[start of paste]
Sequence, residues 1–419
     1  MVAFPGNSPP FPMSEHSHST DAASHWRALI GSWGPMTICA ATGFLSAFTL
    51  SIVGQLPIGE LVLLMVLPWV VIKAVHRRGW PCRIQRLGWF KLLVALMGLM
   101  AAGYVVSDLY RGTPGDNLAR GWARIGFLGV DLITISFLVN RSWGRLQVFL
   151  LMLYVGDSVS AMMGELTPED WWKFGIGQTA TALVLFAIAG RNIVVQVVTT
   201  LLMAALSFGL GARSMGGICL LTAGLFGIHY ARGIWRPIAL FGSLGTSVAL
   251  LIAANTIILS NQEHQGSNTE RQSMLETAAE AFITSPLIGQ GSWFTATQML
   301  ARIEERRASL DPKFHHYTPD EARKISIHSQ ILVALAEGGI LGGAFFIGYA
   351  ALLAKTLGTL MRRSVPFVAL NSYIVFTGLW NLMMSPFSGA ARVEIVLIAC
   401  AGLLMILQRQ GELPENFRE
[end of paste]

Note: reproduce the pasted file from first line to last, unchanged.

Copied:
Sequence, residues 1–419
     1  MVAFPGNSPP FPMSEHSHST DAASHWRALI GSWGPMTICA ATGFLSAFTL
    51  SIVGQLPIGE LVLLMVLPWV VIKAVHRRGW PCRIQRLGWF KLLVALMGLM
   101  AAGYVVSDLY RGTPGDNLAR GWARIGFLGV DLITISFLVN RSWGRLQVFL
   151  LMLYVGDSVS AMMGELTPED WWKFGIGQTA TALVLFAIAG RNIVVQVVTT
   201  LLMAALSFGL GARSMGGICL LTAGLFGIHY ARGIWRPIAL FGSLGTSVAL
   251  LIAANTIILS NQEHQGSNTE RQSMLETAAE AFITSPLIGQ GSWFTATQML
   301  ARIEERRASL DPKFHHYTPD EARKISIHSQ ILVALAEGGI LGGAFFIGYA
   351  ALLAKTLGTL MRRSVPFVAL NSYIVFTGLW NLMMSPFSGA ARVEIVLIAC
   401  AGLLMILQRQ GELPENFRE